Often we just do the same old thing—going around in circles. When we do find a new way, we don’t always stop to appreciate how it has affected us. In this episode, I discuss some of my own new ways: mind mapping; using a horribly designed (but useful) app and a different way of using a dining table. Strangely, I also mention a chicken shop.
This week, I chat with David Sharpe, who is undertaking PhD research into entrepreneurship in the creative industries in Australia (through the University of Wollongong). He is particularly interested in the journeys that entrepreneurs take and the narratives that they create about them. I ask him to explain his background, motivation and process and we compare research experiences.
For this episode, I explore the concept of persona—just how many people make up the person that is you?—and I discuss my own experience of having furry and feathered companions while working from home.
Marshall, P.D. and Barbour, K., 2015, ‘Making Intellectual Room for Persona Studies: a New Consciousness and a Shifted Perspective’, in Persona Studies, Vol. 1, No. 1, pp. 1–12.
Smith, S. and Watson, J., 2014, ‘Virtually Me: A Toolbox about Online Self-Presentation’, in A. Poletti and J. Rak (eds), Identity Technologies: Constructing the Self Online, The University of Wisconsin Press, pp. 70–95.
This week, I discuss a range of topics: the value of individual reading; what Twitter’s purpose is as a company; how ever-changing corporate names can become confusing; and the function of the TV recap in the streaming era.
Carpenter, E., 1966, ‘The New Languages’, in E. Carpenter and M. McLuhan (eds), Explorations in Communication: An Anthology, Beacon Press, Boston, pp. 162–179.
Sources for MP3 chapter artwork: Twitter and Syfy at NBCUniversal
Television sets have long determined not only where our furniture goes, but also how we interact with others at home. Are things now changing in this physical space to reflect our own individual use of smaller, mobile screens?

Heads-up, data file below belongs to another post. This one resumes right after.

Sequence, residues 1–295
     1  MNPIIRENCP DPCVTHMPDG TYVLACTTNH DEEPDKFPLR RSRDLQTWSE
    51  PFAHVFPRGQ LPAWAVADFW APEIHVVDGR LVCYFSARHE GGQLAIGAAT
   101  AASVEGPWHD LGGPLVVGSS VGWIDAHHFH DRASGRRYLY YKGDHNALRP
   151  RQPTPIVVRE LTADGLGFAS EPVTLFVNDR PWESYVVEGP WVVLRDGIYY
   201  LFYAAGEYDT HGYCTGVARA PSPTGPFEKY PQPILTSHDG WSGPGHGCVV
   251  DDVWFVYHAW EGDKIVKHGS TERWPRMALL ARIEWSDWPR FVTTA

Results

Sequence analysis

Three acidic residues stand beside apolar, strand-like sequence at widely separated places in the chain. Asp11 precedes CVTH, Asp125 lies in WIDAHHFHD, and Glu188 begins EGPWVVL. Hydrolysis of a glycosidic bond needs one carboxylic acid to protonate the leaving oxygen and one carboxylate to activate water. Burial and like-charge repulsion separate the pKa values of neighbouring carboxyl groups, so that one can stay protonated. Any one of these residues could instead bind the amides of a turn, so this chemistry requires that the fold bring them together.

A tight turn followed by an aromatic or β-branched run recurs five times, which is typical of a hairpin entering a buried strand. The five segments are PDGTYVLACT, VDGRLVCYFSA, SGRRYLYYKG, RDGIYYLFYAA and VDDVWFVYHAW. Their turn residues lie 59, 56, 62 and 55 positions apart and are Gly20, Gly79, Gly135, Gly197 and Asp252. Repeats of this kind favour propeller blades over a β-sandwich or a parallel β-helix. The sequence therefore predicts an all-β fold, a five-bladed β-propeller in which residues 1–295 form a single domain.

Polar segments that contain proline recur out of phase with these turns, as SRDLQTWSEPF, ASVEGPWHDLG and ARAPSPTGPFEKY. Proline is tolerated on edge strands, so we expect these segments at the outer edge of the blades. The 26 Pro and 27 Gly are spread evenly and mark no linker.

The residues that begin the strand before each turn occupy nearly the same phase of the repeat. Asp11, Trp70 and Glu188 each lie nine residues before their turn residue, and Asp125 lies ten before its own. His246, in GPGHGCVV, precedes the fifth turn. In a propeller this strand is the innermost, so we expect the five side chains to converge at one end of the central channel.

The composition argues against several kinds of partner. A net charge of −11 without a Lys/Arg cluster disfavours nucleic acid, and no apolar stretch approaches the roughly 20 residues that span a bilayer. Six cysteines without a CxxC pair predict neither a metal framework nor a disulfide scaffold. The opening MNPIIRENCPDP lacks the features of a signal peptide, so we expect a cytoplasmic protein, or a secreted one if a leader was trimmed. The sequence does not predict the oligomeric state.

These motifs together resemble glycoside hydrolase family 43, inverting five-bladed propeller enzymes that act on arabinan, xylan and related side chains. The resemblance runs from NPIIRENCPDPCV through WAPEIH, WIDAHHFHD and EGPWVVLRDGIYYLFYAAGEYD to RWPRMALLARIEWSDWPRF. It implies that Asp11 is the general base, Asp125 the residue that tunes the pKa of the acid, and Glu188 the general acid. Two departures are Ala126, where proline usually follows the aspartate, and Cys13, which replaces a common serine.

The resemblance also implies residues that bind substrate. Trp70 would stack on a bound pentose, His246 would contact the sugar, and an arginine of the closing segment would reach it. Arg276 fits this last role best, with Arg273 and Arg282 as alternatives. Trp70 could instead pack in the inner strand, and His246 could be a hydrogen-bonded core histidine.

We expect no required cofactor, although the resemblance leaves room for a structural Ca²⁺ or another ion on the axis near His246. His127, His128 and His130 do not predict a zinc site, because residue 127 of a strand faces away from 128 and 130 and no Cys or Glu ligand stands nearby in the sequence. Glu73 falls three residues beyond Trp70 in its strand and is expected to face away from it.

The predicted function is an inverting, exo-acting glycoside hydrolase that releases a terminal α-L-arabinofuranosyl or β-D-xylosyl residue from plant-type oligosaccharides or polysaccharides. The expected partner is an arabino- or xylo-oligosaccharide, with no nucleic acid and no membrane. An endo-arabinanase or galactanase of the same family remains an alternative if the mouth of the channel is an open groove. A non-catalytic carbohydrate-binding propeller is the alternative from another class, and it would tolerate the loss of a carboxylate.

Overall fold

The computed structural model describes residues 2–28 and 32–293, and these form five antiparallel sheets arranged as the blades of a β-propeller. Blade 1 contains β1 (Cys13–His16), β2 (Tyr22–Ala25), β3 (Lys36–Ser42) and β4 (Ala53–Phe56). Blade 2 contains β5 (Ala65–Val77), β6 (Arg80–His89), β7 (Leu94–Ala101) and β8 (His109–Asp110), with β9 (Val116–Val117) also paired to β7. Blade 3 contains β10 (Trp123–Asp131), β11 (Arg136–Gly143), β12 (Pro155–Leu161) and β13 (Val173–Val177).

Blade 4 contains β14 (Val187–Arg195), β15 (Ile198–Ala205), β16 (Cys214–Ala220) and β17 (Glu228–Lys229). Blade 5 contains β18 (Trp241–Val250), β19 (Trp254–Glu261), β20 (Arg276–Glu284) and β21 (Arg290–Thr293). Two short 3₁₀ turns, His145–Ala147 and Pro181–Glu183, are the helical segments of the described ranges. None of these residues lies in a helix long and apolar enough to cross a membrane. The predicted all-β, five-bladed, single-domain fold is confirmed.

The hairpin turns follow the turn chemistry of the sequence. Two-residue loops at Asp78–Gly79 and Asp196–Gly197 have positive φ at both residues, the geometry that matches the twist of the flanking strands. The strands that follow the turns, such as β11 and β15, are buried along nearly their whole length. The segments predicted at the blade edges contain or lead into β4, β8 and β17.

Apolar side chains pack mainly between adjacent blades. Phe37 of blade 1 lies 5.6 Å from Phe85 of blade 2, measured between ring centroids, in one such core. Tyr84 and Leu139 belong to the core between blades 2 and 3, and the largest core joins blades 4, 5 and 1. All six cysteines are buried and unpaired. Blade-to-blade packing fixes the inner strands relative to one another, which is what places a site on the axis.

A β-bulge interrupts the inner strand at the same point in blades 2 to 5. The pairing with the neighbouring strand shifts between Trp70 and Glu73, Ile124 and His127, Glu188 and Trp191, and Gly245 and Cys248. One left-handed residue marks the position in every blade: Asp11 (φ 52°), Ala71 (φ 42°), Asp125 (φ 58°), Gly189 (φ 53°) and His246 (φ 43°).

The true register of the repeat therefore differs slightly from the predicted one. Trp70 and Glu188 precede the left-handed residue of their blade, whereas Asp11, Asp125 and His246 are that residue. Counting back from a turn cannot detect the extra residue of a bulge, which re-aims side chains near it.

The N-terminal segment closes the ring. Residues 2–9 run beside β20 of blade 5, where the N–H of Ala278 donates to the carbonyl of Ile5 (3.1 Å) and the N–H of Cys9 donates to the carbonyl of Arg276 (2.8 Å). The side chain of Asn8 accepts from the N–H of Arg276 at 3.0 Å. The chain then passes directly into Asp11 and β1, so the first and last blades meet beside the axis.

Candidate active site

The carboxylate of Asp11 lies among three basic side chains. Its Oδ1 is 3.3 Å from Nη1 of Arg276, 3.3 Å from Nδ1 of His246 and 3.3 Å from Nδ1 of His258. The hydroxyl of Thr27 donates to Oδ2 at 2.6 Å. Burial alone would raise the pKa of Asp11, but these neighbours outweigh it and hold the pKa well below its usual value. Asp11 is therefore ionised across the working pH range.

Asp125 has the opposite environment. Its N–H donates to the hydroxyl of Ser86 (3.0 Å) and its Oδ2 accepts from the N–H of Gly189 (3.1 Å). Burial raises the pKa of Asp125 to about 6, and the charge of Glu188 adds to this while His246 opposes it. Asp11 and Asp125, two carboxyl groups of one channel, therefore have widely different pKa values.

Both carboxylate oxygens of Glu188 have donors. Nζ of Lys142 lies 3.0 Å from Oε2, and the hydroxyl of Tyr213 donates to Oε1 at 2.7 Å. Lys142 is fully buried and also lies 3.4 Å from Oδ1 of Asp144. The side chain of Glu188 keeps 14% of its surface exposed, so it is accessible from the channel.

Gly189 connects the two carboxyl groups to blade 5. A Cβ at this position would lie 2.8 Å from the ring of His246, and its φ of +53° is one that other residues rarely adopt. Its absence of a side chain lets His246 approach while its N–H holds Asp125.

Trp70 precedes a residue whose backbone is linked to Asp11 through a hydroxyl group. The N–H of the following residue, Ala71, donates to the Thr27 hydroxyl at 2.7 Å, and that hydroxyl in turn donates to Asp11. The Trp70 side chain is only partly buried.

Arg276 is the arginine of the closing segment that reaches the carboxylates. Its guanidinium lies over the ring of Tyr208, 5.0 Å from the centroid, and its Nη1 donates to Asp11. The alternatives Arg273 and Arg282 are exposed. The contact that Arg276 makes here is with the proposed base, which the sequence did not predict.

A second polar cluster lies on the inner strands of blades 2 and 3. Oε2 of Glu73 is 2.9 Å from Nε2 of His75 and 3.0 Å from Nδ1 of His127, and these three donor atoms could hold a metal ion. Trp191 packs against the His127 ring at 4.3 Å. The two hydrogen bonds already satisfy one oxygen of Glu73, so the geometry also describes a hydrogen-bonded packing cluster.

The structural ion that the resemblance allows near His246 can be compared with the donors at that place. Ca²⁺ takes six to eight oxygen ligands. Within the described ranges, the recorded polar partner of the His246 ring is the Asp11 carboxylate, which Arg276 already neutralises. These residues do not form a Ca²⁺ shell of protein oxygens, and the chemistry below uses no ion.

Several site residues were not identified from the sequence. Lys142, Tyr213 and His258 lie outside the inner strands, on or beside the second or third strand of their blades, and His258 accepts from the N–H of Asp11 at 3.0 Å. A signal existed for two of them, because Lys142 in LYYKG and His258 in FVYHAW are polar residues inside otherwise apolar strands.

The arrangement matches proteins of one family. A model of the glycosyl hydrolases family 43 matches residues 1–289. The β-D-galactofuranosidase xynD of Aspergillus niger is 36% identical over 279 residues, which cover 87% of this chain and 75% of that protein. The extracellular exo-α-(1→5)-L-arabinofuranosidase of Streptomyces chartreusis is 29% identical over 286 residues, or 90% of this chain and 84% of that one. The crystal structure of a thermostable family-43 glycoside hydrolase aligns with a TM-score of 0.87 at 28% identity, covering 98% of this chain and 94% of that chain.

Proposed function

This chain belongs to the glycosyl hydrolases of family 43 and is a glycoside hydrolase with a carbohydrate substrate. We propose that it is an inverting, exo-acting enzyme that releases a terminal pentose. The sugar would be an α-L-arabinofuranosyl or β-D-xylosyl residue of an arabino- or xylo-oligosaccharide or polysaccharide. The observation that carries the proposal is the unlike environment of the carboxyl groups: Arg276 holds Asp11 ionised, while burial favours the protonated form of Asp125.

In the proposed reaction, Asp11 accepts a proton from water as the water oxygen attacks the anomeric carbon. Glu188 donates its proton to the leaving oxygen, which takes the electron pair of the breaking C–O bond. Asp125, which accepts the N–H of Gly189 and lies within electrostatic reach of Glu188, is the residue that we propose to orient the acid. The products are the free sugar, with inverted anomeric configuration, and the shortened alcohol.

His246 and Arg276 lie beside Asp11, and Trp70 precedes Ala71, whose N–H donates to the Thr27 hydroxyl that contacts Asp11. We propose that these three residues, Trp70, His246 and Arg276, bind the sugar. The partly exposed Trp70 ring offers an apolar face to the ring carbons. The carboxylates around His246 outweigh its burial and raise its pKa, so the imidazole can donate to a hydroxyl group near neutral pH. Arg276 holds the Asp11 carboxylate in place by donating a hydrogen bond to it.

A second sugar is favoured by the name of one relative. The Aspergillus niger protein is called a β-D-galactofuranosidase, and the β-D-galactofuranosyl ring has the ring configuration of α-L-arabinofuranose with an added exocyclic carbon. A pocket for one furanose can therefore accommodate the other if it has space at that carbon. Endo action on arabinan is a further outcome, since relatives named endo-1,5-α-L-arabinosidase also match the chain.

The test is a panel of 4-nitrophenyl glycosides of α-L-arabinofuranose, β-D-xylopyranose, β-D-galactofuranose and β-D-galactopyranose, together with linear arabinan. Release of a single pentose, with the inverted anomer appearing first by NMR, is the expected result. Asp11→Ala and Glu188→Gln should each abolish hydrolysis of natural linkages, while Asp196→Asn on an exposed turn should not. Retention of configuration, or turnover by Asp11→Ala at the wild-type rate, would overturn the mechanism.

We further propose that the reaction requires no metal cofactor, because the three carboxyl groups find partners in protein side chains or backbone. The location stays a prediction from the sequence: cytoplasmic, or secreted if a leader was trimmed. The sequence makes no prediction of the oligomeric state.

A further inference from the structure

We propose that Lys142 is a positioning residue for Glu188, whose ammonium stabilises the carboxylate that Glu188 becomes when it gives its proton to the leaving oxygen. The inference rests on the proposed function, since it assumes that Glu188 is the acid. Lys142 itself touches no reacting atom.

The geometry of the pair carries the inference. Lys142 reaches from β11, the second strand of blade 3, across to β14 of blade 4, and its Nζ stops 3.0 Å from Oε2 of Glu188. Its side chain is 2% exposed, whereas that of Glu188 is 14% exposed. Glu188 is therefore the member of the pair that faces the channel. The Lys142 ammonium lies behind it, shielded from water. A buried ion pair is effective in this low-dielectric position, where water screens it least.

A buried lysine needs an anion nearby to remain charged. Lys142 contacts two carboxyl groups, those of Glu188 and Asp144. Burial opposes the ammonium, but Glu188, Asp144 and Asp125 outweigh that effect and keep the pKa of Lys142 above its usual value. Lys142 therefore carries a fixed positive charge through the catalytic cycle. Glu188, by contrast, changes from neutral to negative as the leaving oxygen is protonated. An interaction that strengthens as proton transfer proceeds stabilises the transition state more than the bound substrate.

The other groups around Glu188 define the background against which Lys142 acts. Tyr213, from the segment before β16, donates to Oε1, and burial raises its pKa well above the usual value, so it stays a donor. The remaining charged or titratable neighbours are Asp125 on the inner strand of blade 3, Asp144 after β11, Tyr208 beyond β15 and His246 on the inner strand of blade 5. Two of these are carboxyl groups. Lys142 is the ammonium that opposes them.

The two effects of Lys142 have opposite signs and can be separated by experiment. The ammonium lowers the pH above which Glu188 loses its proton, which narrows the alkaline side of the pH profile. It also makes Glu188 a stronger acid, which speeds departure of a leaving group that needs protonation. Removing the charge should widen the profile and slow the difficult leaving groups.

Rushkoff, D., 1994, Media Virus!: Hidden Agendas in Popular Culture, 1st ed., Ballantine Books.
Turn on your TV to watch a sporting match in Australia and you’re sure to see advertisements for various betting apps and services. Of particular concern is how these advertisements can affect and are understood by children. To learn more, I invited Dr. Hannah Pitt (Postdoctoral Research Fellow in public health at Deakin University) to discuss her continuing research into this issue.
Every year, on a particular day in June, I get up at 3:00 am in Australia to watch Apple’s WWDC keynote address. This year’s was really impressive and in this episode, I summarise the most exciting updates. There is, however one part of this story—almost too quickly forgotten—that needs to be addressed and I tell a personal story about security to make sense of it.
Niche communities, identities and communication channels—they are a sign of the great diversity of interests, views and cultural groups in our society… but they can also be a sign of fragmentation. In a world that’s brimming with super-specific feeds, tailored content and targeted advertising, could some mass media actually offer a better way of engaging with major global issues and movements, such as #BlackLivesMatter? I (a white person) try to consider and discuss this respectfully.
Taffel, S., 2015, ‘Anti-Social | Asocial | Associated: Mapping the Social in Social Media’, in Global Media Journal: Australian Edition, Vol. 9, No. 1, pp. 1–9.
Dithering episode from 8 June, ‘All the News That’s Fit to Print’